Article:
Mr Cook met Israeli Deputy Health Minister Rabbi Yaakov Litzman while leading a delegation from WA in discussions on digital medicine, medical cannabis and vaccination policy, according to an Israeli government media statement.
Rabbi Litzman has been accused of pressuring health officials and psychiatrists into declaring Ms Leifer unfit for extradition from Israel, allegations which are under investigation by the Jerusalem District Attorney’s Office.
He told Israeli media in February his intervention in the case was “all for the good of the public, everything was legal”.
Ms Leifer is the former principal of an ultra-Orthodox Jewish school in Melbourne charged with 74 counts of child sexual abuse allegedly committed against three sisters between 2001-2008.
An alleged victim of Ms Leifer, Dassi Erlich, said she was “more than infuriated” when she read Israeli news reports of Mr Cook’s meeting with Rabbi Litzman.
“I woke up to news of that meeting early this morning [Monday], and it kind of felt a bit like a slap in the face,” Ms Erlich said.
“We have Australia consistently telling us, ‘what can we do to help, we want justice in this case,’ and then we see all these reports coming from Israel saying that Litzman is alleged to have helped not just Malka Leifer, but a lot of other paedophiles escape justice.
“And here is an Australian delegation legitimising who he is and his position, given what they know about him.
“It absolutely hurt a lot.”
Ms Erlich, who first reported allegations against against Ms Leifer to police in 2011, said the allegations against Rabbi Litzman were all over the news in Israel and she couldn’t understand how an Australian politician could not have known about them.
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A Channel 13 investigation reports that United Torah Judaism Chairman Yaakov Litzman pressured mental health officials into granting furloughs, lightening risk assessments for convicted ultra-Orthodox sex criminals
Deputy Health Minister and United Torah Judaism Chairman Yaakov Litzman worked directly and through his government post in order to help ultra-Orthodox sex offenders, among them pedophiles and serial rapists, a Channel 13 investigation reported.
Litzman’s efforts included methodically pressuring mental health professionals into lightening their risk assessments for ultra-Orthodox prisoners, and approving or lengthening prisoners’ furloughs – even for sex offenders who have not yet been rehabilitated, the investigation reported. Mental health professionals told Haaretz that Litzman’s requests on the subject were not uncommon, and that there are more even cases than were presented in the report.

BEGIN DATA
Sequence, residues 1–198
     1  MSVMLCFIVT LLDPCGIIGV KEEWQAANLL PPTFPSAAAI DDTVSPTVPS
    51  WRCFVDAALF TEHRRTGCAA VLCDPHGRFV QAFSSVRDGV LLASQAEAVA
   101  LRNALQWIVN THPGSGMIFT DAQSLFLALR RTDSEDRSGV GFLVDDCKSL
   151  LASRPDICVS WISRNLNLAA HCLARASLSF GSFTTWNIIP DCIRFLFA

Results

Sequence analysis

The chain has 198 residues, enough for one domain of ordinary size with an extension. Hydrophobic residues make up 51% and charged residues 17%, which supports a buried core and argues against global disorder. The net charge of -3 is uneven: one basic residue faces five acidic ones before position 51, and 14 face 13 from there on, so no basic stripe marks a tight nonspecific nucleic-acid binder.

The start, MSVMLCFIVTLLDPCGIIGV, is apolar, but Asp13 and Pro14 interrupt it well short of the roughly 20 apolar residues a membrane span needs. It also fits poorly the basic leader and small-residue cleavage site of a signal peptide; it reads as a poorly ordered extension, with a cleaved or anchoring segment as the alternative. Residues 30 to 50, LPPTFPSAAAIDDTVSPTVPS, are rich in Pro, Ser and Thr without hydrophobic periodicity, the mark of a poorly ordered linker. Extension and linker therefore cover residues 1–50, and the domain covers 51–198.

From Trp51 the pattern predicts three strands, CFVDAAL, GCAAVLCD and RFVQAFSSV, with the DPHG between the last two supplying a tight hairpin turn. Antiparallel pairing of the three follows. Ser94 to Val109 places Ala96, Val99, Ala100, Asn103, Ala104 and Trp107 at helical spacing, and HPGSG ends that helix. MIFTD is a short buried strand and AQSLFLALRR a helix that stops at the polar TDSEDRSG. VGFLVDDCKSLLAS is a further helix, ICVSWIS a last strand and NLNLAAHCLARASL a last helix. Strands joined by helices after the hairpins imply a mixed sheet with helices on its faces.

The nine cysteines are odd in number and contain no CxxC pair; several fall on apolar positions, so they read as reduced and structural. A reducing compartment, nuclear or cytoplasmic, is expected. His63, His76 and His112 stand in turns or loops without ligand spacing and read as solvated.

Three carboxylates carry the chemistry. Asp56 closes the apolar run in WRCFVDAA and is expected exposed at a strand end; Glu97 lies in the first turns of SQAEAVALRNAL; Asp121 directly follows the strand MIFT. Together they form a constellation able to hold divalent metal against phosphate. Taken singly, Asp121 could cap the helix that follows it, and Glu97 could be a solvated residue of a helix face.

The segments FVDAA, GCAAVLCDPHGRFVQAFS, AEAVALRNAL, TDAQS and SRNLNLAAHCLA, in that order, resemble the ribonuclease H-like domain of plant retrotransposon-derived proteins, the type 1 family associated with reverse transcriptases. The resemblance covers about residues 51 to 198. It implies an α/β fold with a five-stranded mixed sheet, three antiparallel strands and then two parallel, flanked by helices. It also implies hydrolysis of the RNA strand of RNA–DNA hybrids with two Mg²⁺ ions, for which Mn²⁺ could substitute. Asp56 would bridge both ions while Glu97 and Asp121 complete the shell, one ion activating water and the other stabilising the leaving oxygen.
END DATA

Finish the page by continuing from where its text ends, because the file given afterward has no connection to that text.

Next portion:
The investigation followed earlier publications on the subject, including reports from Haaretz. It presented ten previously unreported cases in which Litzman and his personnel (including his chief of staff Haim Justman, now an MK for United Torah Judaism) were involved. Nine of the cases deal with convicted sex offenders who were sentenced to lengthy prison terms, most of whom are ultra-Orthodox.
The remaining case touches upon Litzman’s alleged involvement in preventing the extradition of Malka Leifer to Australia. An Australian indictment charged Leifer, a former principal of an ultra-Orthodox school who is now incarcerated, with 72 counts of various types of sexual assault, including 11 counts of rape. These include the rape and sexual assault of three sisters who were students of hers in her Melbourne ultra-Orthodox community. Leifer’s extradition process, and the question of her ability to stand trial, is still under debate in the Israeli court system – more than 50 conversations have been held on the subject.
Litzman’s office released a statement in response to the report, saying that he helps anyone who turns to him, regardless of their affiliation. Litzman’s staff also disseminated this message in an ad campaign costing tens of thousands of shekels on the Channel 13 website, to accompany the broadcast. The statement called the claims in the report “an ongoing and planned hunting campaign” and a “blood libel” against Litzman, intended to damage his image and prevent him from returning to a Health Ministry post.